Between the likes of Andrew Wyeth, Homer Winslow, and John Imber, it’s plain to see how the natural beauty of the Pine Tree State seeps into the work of many Maine artists. While painter Bernard Langlais lived in Hawaii, New York City, and Norway, a return to Maine later in life would have much the same effect. Inspired by the lush forests of Maine’s Cushing Peninsula, the longtime painter pivoted in the final years of his life to erecting a whimsical, humorous, and sprawling cast of wooden figures across a 90-acre estate. These pieces now line the trail of today’s Langlais Sculpture Preserve, a nature and outdoor art trail paying homage to both Maine’s dynamic landscape and Langlais’s final works.
Despite being born to a carpenter in Old Town, Maine—a region rich in both logging and woodworking—Langlais’s early work lived exclusively at the end of a brush. He attended art schools from Washington, D.C., to New York City to Paris throughout the 1940s and 50s, honing his skills in both expressionist and abstract work, before winning a Fulbright scholarship to study in Oslo. It was not until returning to New England in 1956 that he found the medium on which he’d build his legacy.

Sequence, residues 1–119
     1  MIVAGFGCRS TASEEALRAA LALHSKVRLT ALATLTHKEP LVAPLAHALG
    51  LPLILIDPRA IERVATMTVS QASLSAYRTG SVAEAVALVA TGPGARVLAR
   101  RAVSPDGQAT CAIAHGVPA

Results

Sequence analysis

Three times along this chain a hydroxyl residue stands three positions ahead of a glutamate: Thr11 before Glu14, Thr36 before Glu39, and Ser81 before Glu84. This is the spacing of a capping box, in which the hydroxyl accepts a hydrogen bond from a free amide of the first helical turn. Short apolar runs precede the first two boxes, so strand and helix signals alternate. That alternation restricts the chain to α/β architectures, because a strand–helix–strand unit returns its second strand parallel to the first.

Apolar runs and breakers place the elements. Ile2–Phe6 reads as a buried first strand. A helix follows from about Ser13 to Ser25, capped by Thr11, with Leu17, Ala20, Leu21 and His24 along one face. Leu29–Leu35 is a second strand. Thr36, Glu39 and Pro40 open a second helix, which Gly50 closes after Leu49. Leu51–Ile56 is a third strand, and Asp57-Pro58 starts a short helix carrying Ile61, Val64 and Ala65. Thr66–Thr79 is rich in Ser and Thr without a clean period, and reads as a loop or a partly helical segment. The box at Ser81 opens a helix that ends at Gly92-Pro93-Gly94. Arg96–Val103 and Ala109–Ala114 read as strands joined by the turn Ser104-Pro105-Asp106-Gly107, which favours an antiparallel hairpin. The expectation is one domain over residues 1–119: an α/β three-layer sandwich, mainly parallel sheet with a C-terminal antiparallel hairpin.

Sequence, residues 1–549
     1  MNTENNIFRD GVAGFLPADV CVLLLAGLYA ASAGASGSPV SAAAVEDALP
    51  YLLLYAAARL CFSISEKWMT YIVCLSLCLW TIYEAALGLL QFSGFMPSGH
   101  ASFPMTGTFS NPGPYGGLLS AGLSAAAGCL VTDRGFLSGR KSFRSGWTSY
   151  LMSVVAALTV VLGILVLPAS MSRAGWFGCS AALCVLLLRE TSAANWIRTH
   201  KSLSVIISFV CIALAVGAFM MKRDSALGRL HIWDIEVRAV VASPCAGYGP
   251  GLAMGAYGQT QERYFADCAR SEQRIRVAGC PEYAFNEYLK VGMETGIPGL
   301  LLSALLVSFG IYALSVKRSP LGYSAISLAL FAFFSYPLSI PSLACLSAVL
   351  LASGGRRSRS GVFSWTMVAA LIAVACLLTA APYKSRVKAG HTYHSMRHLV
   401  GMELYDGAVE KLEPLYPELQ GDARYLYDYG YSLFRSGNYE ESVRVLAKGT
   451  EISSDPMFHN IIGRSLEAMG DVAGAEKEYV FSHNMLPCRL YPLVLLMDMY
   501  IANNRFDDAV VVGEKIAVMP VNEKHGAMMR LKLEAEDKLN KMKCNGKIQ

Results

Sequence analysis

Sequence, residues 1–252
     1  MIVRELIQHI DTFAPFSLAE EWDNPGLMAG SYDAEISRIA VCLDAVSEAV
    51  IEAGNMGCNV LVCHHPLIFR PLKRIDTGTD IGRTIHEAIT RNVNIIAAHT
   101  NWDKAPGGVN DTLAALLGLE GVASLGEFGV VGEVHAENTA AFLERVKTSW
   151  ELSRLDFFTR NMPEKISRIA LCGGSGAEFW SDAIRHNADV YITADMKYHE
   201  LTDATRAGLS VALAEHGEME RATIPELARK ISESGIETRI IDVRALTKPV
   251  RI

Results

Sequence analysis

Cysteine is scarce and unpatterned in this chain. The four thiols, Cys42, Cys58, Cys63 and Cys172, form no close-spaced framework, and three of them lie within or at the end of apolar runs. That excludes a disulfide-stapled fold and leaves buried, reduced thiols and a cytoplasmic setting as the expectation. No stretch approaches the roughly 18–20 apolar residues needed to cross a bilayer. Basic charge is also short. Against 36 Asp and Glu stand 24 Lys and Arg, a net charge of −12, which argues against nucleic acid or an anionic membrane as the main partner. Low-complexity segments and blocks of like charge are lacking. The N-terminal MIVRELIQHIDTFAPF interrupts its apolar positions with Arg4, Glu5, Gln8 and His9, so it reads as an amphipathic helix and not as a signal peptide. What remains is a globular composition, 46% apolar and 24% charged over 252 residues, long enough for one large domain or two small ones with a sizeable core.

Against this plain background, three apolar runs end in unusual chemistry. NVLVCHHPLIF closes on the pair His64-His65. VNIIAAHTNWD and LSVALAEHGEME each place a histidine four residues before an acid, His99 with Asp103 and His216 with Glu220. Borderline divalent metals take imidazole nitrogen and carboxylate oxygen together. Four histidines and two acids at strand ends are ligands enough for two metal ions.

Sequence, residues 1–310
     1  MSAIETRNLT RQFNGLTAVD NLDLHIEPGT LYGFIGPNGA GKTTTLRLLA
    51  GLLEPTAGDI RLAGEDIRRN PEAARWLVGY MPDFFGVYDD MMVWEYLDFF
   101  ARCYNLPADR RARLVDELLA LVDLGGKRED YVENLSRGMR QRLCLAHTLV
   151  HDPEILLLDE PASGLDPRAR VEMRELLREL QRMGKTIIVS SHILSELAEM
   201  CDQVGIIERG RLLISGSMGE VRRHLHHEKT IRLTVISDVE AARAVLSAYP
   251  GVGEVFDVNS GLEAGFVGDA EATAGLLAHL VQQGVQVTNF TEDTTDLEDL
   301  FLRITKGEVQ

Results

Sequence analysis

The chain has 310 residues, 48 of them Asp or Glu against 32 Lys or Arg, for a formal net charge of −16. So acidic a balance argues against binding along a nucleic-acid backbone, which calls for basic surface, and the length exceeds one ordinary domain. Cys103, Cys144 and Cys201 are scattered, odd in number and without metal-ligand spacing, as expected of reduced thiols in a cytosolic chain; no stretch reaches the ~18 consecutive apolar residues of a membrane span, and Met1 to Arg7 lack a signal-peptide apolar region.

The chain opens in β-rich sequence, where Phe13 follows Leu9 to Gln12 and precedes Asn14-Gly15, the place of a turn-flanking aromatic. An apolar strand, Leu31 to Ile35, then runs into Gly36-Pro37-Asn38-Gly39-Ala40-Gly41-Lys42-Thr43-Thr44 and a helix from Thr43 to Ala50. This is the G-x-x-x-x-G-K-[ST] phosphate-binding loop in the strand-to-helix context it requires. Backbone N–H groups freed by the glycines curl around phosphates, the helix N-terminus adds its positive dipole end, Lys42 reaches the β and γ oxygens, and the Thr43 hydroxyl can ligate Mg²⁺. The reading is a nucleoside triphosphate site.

Summering in Maine with his wife, Langlais fell in love with the refuse wood he found in the forests around his home. “Painting is 90 percent intellectual and 10 percent physical,” he’d later tell the Boston Globe. “Using wood is closer to even. This satisfies me, this contract.” He settled with his wife on Maine’s Cushing Peninsula in 1956 and began conjuring ever-larger three-dimensional wood figures in the fields, ponds, and forests of their sprawling property. From piles of castaway lumber, Langlais distilled cats, hippos, and quarterbacks; a family of bears and an oversized horse. There is also former President Richard Nixon waving a V-for-victory sign with his hands half-submerged in a marshy swamp and a rendition of Christina of Christina’s World fame, by neighbor Andrew Wyeth.
The couple maintained a more-or-less open-door policy with their estate, so adoring fans could meander throughout the property, alternately viewing his folksy sculptures in situ and watching him at work on a current piece. His rustic, woodsy work earned him unforeseen fame: He was ultimately featured in Art in America’s 1962 “New Talent U.S.A.” survey beside Al Held, Claes Oldenburg, and Andy Warhol.
Between 1966 and 1977, Langlais erected 65 monumental wood sculptures across his estate before succumbing to heart failure at the age of 56. His widow worked for decades to protect the work from the elements while managing the flow of devoted visitors. She ultimately bequeathed the estate to Colby College, which was acquired by the Kohler Foundation in 2013. “While much of his work was distributed to nonprofits throughout the country, twelve iconic sculptures remain in their original locations, making the Langlais Sculpture Preserve the single largest-known collection of his work. A half-mile gravel trail (wheelchair accessible) allows visitors to see Langlais’s final works exactly as he intended—strewn about the cattails, pine trees, and rolling hills of Maine.